It's been obvious for some time that Michael Fassbender isn't all that fond of the publicity game -- particularly when it comes to awards season. He's currently among the Best Supporting Actor favorites for his brutal turn in "12 Years a Slave," but if/when he nets that overdue first nomination, it'll be without much campaigning on his end. Speaking to GQ, Fassbender says he'll be avoiding the awards circuit to focus on work: "That's just not going to happen, because I'll be in New Zealand ... You know, I get it. Everybody's got to do their job. So you try and help and facilitate as best you can. But I won't put myself through that kind of situation again." Fair enough. Mo'Nique let her performance speak for her in 2009, and it didn't obstruct her path to the Oscar. Can Fassbender do the same? [GQ]

Bruce Handy makes the case for 2013 as the best year for movies since Hollywood's Golden Age. I liked "We're the Millers" more than most, but it's a strange example to pick. [Vanity Fair]

Oscar-nominated screenwriter and playwright Patrick Marber ("Closer," "Notes on a Scandal") is polishing the "Fifty Shades of Gray" script. Well, work is work. [Variety]

Oscar-winning film editor Christopher Rouse talks about creating suspense and chaos in "Captain Phillips." [Hollywood Reporter]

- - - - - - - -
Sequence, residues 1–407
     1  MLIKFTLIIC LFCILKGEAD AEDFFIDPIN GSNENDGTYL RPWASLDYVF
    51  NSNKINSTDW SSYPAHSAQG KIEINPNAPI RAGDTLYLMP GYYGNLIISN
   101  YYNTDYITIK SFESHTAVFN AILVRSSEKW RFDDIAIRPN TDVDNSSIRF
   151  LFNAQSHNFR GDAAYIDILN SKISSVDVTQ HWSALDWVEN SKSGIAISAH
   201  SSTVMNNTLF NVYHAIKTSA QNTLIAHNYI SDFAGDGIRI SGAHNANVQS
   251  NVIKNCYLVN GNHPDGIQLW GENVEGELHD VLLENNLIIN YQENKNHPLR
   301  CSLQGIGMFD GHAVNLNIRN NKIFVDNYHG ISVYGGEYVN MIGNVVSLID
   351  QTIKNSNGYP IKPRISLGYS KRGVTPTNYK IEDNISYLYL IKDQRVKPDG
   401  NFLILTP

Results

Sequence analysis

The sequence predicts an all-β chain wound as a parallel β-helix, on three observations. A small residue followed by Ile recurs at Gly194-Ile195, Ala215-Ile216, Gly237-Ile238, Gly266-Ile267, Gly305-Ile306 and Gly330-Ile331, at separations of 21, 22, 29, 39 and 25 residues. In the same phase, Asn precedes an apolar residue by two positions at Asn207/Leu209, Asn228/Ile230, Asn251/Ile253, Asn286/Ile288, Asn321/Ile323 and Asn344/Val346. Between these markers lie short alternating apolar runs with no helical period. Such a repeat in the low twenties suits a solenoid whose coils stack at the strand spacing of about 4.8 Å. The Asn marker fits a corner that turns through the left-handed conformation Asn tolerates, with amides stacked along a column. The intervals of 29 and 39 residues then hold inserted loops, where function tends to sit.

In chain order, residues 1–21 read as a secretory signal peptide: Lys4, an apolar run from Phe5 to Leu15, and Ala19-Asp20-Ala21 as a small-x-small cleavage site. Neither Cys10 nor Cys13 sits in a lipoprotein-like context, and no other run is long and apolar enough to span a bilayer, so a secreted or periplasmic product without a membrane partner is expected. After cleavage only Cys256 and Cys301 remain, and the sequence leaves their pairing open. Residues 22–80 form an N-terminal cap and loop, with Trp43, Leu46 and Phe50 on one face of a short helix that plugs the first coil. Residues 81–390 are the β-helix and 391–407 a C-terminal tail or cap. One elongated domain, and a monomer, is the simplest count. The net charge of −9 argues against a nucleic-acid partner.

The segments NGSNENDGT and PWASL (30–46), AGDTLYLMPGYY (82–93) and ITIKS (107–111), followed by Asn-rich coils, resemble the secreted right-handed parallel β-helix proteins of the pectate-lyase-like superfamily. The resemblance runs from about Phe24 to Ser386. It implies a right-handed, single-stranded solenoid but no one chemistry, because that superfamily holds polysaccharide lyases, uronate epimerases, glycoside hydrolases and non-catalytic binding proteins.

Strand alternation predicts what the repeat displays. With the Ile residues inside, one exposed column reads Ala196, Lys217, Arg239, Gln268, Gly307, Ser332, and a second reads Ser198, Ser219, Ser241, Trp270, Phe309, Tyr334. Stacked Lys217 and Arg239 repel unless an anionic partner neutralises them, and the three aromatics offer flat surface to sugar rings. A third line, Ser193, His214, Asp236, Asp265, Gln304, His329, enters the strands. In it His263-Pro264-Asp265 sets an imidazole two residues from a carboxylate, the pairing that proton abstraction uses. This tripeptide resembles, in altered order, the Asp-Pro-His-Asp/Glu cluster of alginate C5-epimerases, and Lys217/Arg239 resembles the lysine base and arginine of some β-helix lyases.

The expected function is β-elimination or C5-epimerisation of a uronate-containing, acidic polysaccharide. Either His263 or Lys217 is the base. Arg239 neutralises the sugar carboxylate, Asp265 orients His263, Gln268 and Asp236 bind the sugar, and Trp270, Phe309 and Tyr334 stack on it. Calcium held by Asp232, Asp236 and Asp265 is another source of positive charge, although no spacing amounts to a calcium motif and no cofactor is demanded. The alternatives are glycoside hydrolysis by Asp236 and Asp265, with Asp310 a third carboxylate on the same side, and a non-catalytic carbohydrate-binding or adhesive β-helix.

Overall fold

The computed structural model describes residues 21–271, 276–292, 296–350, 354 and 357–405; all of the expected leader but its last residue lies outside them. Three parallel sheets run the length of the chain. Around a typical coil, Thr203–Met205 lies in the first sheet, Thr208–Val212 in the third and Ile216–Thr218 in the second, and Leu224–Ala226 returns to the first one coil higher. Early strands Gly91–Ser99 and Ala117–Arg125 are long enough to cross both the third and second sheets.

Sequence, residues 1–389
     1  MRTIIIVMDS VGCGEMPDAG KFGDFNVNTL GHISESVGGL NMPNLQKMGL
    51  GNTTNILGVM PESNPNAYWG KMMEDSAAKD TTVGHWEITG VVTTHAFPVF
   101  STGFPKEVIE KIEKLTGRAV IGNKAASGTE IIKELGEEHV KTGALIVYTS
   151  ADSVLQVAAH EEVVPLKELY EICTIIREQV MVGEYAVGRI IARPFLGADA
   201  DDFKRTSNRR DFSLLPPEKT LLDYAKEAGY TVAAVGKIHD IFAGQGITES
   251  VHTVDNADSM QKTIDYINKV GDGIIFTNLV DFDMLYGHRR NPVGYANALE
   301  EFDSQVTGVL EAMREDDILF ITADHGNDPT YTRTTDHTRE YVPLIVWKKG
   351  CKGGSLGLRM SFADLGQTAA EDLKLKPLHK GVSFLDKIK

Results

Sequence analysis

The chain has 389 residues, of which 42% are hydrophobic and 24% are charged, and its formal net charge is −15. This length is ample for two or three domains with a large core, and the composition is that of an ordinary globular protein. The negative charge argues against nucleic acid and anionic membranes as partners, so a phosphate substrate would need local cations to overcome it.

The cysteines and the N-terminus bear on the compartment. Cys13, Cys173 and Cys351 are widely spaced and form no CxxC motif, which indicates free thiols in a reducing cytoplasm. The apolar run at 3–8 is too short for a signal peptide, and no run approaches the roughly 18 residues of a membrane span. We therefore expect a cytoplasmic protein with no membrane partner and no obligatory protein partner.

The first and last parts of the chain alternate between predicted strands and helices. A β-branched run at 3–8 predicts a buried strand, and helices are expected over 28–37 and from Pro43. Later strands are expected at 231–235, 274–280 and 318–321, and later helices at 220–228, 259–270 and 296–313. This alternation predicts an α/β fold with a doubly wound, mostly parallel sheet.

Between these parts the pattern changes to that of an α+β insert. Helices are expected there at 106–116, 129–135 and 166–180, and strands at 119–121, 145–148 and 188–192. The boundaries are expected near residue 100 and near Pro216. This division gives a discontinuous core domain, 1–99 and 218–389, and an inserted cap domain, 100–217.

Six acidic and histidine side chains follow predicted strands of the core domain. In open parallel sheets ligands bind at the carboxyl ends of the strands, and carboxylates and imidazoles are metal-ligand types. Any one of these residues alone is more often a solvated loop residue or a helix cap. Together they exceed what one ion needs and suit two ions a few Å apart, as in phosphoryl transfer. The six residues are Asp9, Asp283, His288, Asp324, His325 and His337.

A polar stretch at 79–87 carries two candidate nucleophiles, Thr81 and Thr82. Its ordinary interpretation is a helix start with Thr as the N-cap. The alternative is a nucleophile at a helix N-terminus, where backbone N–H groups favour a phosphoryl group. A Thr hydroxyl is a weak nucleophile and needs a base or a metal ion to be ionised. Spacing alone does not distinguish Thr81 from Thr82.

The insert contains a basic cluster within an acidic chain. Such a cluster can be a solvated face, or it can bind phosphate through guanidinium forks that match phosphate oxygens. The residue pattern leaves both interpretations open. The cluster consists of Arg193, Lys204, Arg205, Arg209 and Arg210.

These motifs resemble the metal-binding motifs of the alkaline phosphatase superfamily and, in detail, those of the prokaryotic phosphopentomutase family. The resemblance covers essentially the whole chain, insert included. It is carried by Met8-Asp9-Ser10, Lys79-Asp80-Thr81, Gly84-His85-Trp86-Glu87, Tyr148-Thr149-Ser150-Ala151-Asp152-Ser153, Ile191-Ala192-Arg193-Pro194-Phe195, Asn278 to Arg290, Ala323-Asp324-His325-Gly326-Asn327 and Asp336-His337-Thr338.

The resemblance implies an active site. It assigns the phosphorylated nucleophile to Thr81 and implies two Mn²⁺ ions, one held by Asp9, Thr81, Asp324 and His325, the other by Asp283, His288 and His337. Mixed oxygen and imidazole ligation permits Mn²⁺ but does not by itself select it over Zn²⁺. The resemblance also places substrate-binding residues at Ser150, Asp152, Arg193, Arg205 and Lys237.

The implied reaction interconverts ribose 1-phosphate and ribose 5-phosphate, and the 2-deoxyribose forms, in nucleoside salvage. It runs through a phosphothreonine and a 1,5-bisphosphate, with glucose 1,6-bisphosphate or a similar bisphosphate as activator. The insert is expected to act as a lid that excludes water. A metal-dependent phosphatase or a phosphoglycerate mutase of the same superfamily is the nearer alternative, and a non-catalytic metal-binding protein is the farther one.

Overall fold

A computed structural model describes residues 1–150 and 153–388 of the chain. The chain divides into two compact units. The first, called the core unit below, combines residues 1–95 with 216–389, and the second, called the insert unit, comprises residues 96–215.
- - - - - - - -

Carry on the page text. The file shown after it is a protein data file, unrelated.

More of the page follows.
Still on "Captain Phillips," Eliana Dockterman breaks down what's fact and what's fiction in the film. [TIME]

Hugh Jackman sang and performed on stage in Los Angeles at a benefit of the Motion Picture & Television Fund. [LA Times]

With "Frozen" on the way, head Disney animator Lino Disalvo says female characters are more difficult to animate than male ones. Hmmm. [Slate]

Speaking of Disney, with regard to "Escape from Tomorrow," Matt Singer looks into our ongoing fascination with the dark side of the Mouse House. [The Dissolve]

David Denby calls "12 Years a Slave" "easily the greatest feature film ever made about American slavery." [New Yorker]

Why over-acting is under-appreciated. [The Guardian]